Case Western Reserve University, Cleveland, OH, United States
Prion disease is transmissible and invariably fatal. Chronic wasting disease (CWD) is the prion disease affecting deer, elk and moose, and it is a widespread and expanding epidemic affecting 22 US States and 2 Canadian provinces so far. CWD poses the most serious zoonotic prion transmission risks in North America because of huge venison consumption (>6 million deer/elk hunted and consumed annually in the USA alone), significant prion infectivity in muscles and other tissues/fluids from CWD-affected cervids, and usually high levels of individual exposure to CWD resulting from consumption of the affected animal among often just family and friends. However, we still do not know whether CWD prions can infect humans in the brain or peripheral tissues or whether clinical/asymptomatic CWD zoonosis has already occurred, and we have no essays to reliably detect CWD infection in humans. We hypothesize that:
(1) The classic CWD prion strain can infect humans at low levels in the brain and peripheral lymphoid tissues;
(2) The cervid-to-human transmission barrier is dependent on the cervid prion strain and influenced by the host (human) prion protein (PrP) primary sequence;
(3) Reliable essays can be established to detect CWD infection in humans;and
(4) CWD transmission to humans has already occurred. We will test these hypotheses in 4 Aims using transgenic (Tg) mouse models and complementary in vitro approaches.
Aim 1 will prove that the classical CWD strain may infect humans in brain or peripheral lymphoid tissues at low levels by conducting systemic bioassays in a set of "humanized" Tg mouse lines expressing common human PrP variants using a number of CWD isolates at varying doses and routes. Experimental "human CWD" samples will also be generated for Aim 3.
Aim 2 will test the hypothesis that the cervid-to-human prion transmission barrier is dependent on prion strain and influenced by the host (human) PrP sequence by examining and comparing the transmission efficiency and phenotypes of several atypical/unusual CWD isolates/strains as well as a few prion strains from other species that have adapted to cervid PrP sequence, utilizing the same panel of humanized Tg mouse lines as in Aim 1.
Aim 3 will establish reliable essays for detection and surveillance of CWD infection in humans by examining in details the clinical, pathological, biochemical and in vitro seeding properties of existing and future experimental "human CWD" samples generated from Aims 1-2 and compare them with those of common sporadic human Creutzfeldt-Jakob disease (sCJD) prions.
Aim 4 will attempt to detect clinical CWD-affected human cases by examining a significant number of brain samples from prion-affected human subjects in the USA and Canada who have consumed venison from CWD-endemic areas utilizing the criteria and essays established in Aim 3. The findings from this proposal will greatly advance our understandings on the potential and characteristics of cervid prion transmission in humans, establish reliable essays for CWD zoonosis and potentially discover the first case(s) of CWD infection in humans.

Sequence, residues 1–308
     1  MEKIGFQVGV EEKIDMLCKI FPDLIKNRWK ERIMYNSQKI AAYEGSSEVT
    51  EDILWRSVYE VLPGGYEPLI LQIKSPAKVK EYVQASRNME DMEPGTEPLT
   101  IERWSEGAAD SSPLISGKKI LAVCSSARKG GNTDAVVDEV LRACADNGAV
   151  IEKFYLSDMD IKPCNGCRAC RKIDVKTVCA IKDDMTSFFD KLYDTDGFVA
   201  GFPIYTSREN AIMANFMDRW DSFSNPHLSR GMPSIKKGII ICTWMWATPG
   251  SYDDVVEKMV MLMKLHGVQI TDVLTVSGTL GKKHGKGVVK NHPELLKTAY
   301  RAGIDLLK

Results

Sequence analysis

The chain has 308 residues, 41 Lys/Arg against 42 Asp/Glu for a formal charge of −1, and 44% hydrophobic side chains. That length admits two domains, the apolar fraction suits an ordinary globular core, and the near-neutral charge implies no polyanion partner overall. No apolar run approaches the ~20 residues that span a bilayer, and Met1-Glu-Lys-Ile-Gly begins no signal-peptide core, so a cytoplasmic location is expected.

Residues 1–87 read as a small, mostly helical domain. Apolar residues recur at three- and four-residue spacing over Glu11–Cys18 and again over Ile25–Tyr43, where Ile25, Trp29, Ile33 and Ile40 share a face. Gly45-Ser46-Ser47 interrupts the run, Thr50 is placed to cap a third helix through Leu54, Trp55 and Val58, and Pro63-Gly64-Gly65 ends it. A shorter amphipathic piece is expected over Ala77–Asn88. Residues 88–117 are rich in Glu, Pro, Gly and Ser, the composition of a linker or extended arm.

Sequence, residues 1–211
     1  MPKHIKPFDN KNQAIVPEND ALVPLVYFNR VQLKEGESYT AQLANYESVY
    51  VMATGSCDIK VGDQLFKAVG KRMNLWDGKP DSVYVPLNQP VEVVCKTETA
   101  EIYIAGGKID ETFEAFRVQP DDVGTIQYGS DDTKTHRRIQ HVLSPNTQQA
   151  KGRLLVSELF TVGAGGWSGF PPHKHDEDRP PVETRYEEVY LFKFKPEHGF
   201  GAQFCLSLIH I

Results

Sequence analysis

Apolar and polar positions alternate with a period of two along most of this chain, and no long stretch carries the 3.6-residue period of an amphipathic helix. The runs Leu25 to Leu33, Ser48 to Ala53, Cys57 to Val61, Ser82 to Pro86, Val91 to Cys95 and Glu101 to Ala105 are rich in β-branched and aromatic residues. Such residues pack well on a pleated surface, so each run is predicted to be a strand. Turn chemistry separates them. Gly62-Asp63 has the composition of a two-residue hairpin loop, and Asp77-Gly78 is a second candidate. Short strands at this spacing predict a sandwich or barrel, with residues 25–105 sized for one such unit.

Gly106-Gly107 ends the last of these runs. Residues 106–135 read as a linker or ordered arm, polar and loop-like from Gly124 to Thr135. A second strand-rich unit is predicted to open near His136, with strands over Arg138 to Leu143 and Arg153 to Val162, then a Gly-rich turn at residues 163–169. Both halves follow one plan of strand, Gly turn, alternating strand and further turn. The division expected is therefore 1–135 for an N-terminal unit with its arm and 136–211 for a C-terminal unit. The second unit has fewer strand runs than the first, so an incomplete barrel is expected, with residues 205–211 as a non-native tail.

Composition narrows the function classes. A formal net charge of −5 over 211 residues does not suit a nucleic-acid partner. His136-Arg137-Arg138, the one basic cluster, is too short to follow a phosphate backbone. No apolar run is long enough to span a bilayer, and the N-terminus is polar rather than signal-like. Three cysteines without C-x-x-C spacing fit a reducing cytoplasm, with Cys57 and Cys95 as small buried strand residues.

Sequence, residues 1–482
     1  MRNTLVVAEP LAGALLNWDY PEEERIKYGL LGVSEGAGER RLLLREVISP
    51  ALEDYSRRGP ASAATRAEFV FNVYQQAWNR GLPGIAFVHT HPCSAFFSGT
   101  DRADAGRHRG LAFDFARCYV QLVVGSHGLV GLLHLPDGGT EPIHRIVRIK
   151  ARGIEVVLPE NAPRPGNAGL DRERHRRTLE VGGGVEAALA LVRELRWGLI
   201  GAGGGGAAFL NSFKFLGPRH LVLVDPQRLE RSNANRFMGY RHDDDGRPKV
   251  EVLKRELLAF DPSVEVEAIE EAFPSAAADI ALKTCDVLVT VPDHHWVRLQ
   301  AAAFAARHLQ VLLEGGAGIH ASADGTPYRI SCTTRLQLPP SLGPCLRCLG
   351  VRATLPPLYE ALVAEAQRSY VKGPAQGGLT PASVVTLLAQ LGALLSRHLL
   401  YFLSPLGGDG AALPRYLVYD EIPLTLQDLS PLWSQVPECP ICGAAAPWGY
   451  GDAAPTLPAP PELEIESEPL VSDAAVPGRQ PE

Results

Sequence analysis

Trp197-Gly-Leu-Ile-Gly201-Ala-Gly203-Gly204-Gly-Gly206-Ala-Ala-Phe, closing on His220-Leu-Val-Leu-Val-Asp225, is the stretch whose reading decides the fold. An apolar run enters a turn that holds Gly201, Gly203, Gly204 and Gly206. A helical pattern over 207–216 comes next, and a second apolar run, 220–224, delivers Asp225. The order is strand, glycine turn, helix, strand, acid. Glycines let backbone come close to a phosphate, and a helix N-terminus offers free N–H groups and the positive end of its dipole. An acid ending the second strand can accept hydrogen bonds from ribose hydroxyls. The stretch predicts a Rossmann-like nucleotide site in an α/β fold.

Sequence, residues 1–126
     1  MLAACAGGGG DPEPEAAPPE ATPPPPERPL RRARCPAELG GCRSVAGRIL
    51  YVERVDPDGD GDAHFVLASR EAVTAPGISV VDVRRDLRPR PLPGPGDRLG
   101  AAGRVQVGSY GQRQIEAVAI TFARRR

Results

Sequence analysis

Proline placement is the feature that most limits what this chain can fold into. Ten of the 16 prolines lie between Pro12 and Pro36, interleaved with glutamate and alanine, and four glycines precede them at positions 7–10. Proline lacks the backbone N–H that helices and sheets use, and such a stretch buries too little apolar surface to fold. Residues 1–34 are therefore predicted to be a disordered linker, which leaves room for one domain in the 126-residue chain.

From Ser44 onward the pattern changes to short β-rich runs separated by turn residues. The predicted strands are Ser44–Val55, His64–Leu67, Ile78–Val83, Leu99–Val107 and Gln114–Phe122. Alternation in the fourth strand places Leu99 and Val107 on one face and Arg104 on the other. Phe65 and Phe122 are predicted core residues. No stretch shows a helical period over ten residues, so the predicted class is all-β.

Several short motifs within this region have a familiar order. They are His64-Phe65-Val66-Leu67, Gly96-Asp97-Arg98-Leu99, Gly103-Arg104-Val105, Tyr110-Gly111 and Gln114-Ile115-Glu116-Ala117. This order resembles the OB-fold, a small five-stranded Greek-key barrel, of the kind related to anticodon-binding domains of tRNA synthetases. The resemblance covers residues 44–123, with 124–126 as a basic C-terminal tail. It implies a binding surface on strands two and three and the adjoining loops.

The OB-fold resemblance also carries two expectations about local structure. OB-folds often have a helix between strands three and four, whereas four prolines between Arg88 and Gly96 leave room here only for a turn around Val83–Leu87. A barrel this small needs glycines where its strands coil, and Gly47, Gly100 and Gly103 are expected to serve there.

Public Health Relevance There are significant and increasing human exposure to cervid prions because chronic wasting disease (CWD, a widespread and highly infectious prion disease among deer and elk in North America) continues spreading and consumption of venison remains popular, but our understanding on cervid-to-human prion transmission is still very limited, raising public health concerns. This proposal aims to define the zoonotic risks of cervid prions and set up and apply essays to detect CWD zoonosis using mouse models and in vitro methods. The findings will greatly expand our knowledge on the potentials and characteristics of cervid prion transmission in humans, establish reliable essays for such infections and may discover the first case(s) of CWD infection in humans.
Key Molecular Mechanisms of TSEs
Zabel, Mark D.
Colorado State University-Fort Collins, Fort Collins, CO, United States Abstract Prion diseases, or transmissible spongiform encephalopathies (TSEs), are fatal neurodegenerative diseases affecting humans, cervids, bovids, and ovids. The absolute requirement of PrPC expression to generate prion diseases and the lack of instructional nucleic acid define prions as unique infectious agents. Prions exhibit species-specific tropism, inferring that unique prion strains exist that preferentially infct certain host species and confront transmission barriers to heterologous host species. However, transmission barriers are not absolute. Scientific consensus agrees that the sheep TSE scrapie probably breached the transmission barrier to cattle causing bovine spongiform encephalopathy that subsequently breached the human transmission barrier and likely caused several hundred deaths by a new-variant form of the human TSE Creutzfeldt-Jakob disease in the UK and Europe. The impact to human health, emotion and economies can still be felt in areas like farming, blood and organ donations and the threat of a latent TSE epidemic. This precedent raises the real possibility of other TSEs, like chronic wasting disease of cervids, overcoming similar human transmission barriers. A groundbreaking discovery made last year revealed that mice infected with heterologous prion strains facing significant transmission barriers replicated prions far more readily in spleens than brains6. Furthermore, these splenic prions exhibited weakened transmission barriers and expanded host ranges compared to neurogenic prions. These data question conventional wisdom of avoiding neural tissue to avoid prion xenotransmission, when more promiscuous prions may lurk in extraneural tissues. Data derived from work previously funded by NIH demonstrate that Complement receptors CD21/35 bind prions and high density PrPC and differentially impact prion disease depending on the prion isolate or strain used. Recent advances in live animal and whole organ imaging have led us to generate preliminary data to support novel, innovative approaches to assessing prion capture and transport. We plan to test our unifying hypothesis for this proposal that CD21/35 control the processes of peripheral prion capture, transport, strain selection and xenotransmission in the following specific aims. 1. Assess the role of CD21/35 in splenic prion strain selection and host range expansion. 2. Determine whether CD21/35 and C1q differentially bind distinct prion strains 3. Monitor the effects of CD21/35 on prion trafficking in real time and space 4. Assess the role of CD21/35 in incunabular prion trafficking